In dozens of emails readers keep asking me what would I do if I was in RIM and had bought shares months or even years ago. On a personal note I can say that it is a tough, tough choice. I must indicate as well, that if I was an investor in RIM stock I would have been selling covered calls all the way down and I would definitely have bought protective puts months ago when the first earnings outlook dropped the stock like a rock. The problem I have with looking at a stock like RIM and offering a hypothetical "what would I do" answer is that I have done nothing but write for more than a year that RIM is not a stock for an investor. It is a stock for day trading or those who do options like myself. It's next to impossible to give any kind of opinion on a stock that there is no way I would ever have owned it. As well, every investor has different needs, comfort zones, ambitions, goals, opinions and capital available. It's pretty hard to give out advice to someone you do not know, have never met, and have absolutely no idea about their investing knowledge and ideas.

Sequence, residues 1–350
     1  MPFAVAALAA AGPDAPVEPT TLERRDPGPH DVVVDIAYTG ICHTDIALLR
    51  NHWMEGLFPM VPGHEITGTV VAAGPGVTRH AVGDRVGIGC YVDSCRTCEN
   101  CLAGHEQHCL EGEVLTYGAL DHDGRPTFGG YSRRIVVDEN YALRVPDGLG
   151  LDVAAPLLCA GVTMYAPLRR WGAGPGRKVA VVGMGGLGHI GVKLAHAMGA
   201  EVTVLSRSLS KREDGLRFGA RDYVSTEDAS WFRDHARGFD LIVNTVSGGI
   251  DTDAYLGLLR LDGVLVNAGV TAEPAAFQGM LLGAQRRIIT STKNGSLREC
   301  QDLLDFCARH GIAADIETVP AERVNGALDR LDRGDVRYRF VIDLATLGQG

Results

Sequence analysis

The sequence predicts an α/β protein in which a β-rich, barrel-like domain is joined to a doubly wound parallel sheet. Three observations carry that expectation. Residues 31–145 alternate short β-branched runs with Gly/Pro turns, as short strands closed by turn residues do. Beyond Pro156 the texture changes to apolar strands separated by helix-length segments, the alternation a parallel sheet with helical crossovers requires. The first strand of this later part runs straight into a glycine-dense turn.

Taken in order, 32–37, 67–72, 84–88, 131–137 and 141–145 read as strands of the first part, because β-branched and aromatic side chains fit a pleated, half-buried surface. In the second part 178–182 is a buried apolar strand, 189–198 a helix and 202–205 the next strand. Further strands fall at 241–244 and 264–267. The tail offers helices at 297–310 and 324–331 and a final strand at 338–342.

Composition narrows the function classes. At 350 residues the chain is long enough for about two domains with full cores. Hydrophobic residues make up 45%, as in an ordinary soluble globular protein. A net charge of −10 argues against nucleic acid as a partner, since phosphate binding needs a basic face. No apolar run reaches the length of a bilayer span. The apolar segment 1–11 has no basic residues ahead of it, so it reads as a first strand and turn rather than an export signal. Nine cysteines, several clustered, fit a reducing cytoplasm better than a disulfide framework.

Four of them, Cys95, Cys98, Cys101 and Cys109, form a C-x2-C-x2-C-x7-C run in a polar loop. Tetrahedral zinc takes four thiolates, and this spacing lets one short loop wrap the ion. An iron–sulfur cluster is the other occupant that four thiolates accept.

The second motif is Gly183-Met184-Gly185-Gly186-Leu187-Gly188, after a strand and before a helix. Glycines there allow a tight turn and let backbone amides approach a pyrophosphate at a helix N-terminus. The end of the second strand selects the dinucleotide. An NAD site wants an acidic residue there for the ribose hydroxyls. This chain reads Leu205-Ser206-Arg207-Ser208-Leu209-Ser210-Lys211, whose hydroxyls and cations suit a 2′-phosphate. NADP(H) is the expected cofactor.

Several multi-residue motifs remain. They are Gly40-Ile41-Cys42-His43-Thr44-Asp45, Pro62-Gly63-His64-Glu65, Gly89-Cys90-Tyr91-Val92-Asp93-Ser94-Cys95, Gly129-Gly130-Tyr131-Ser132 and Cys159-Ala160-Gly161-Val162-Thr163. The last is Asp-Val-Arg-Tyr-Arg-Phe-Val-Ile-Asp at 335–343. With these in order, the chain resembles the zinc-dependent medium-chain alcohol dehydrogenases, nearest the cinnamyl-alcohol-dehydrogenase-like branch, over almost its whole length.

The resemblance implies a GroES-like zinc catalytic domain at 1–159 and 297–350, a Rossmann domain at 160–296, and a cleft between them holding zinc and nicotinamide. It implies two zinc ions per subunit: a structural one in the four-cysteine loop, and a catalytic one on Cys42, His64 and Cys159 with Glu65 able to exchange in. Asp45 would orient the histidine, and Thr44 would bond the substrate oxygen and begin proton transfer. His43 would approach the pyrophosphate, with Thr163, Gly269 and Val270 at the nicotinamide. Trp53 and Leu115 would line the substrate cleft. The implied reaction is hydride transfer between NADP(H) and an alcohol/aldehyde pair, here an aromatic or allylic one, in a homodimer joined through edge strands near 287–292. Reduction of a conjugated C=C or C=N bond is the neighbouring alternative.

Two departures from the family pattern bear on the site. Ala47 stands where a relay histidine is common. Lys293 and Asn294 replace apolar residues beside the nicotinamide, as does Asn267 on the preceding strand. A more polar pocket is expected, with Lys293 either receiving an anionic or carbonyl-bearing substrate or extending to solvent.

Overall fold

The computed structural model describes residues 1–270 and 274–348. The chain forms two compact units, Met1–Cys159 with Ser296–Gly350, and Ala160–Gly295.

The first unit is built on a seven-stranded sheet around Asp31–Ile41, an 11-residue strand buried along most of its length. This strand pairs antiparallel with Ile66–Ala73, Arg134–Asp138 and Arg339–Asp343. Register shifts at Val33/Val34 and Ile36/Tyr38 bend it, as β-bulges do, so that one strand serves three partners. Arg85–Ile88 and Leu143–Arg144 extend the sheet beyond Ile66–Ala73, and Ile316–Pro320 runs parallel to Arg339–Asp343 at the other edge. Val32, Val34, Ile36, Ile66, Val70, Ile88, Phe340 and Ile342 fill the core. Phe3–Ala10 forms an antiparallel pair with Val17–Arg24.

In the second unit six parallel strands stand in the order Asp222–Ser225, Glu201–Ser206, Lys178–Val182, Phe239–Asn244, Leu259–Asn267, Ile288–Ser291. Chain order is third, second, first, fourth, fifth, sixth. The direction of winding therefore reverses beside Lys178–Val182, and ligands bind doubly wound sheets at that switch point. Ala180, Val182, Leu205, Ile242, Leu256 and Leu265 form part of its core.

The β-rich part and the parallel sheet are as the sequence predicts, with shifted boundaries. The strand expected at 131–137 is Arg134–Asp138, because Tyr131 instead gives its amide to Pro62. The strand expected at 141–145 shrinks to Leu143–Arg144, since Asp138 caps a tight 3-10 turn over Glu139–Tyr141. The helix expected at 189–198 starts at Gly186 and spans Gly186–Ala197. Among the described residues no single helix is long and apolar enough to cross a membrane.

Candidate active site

Therefore I can really only discuss some general information. I do know that Research In Motion has been a disastrous stock for millions of investors. Whether or not this is the bottom or there is more downside to come, I haven't a clue. The problem with RIM is that investor perception is that it is losing market share, which it is in North America, that the company's management seems totally unaware of what is happening and is therefore reacting too late. Investors are bailing as they believe that the future for Research In Motion will be worse for earnings and growth than is being experienced currently. So while earnings are presently good, and the PE seems unbelievably cheap and every analyst for a long time loved the stock, analysts kept repeating what a great buy it was and moaned about how no one was seeing the "value" in RIM.